A point in this same area of the leg was selected for treatment of frozen shoulder by K.O. Sun and his colleagues in Hong Kong (5). They chose zhongping, an extra point located 1 cun below zusanli (ST-36). Deep needling (2.5 cun) was used with stimulus to get deqi, with additional stimulation every 5-6 minutes, and total retention time of 20 minutes; this treatment was administered twice per week for six weeks. The study was somewhat small, with 22 patients in a control group doing only the recommended shoulder range of motion exercises, and 13 patients doing exercise plus getting acupuncture. Both groups showed improvement, with a significant advantage to the acupuncture group.

Another acupuncture point in this same area of the leg that is used for shoulder disorders is tiaokou (ST-38). It is especially considered for treating acute shoulder pain, and is stimulated while the patient moves the shoulder. Jorge Vas and Emilio Perea-Milla compared the effects of needling tiaokou on shoulder pain when the treatment either did or did not elicit deqi, finding that deqi was important to gaining the desired prompt alleviation of pain (6). The successful use of tiaokou for frozen shoulder had been mentioned in an early publication by German acupuncturists (7).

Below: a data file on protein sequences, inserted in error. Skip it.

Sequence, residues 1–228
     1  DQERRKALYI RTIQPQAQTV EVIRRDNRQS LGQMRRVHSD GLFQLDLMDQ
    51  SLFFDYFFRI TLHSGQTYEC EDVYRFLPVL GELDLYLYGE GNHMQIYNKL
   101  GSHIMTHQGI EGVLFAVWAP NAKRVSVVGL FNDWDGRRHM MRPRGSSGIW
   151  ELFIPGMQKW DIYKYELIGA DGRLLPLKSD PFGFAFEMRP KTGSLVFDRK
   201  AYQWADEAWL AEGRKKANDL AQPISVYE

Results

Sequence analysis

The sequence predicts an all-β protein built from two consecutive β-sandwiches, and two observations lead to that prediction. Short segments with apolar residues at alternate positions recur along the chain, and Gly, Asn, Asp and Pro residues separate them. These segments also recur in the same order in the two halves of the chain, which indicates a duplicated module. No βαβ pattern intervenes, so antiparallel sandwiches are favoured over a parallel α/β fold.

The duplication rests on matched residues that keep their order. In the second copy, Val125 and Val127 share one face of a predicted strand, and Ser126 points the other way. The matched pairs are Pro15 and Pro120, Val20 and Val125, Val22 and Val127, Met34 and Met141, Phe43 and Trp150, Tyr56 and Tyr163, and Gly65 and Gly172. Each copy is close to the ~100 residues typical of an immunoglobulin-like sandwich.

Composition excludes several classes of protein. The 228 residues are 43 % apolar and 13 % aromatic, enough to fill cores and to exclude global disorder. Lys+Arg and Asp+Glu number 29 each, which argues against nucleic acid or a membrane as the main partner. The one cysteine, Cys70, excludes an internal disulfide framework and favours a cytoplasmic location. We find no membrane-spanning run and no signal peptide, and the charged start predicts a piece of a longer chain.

The points chosen to treat frozen shoulder are often selected from those on the small intestine meridian, especially from SI-9 through SI-12, which run across the shoulder area. A key point is bingfeng (SI-12) at the attachment zone for the shoulder capsule. Bingfeng (grasping the wind; which became the title of a book about the names of acupuncture points; 8), is located by raising the arm, which produces an indentation at this spot. It is used to relieve disorders where there is shoulder pain accompanied by difficulty raising the arm, as occurs with frozen shoulder. In a report published in 1998 (9), results from treating 60 patients with "shoulder-arm" syndrome were relayed. Although this report did not address frozen shoulder, it claimed to produce marked effects through use of this single point (a second point would be treated for manifestations of the disorder in the forearm or hand).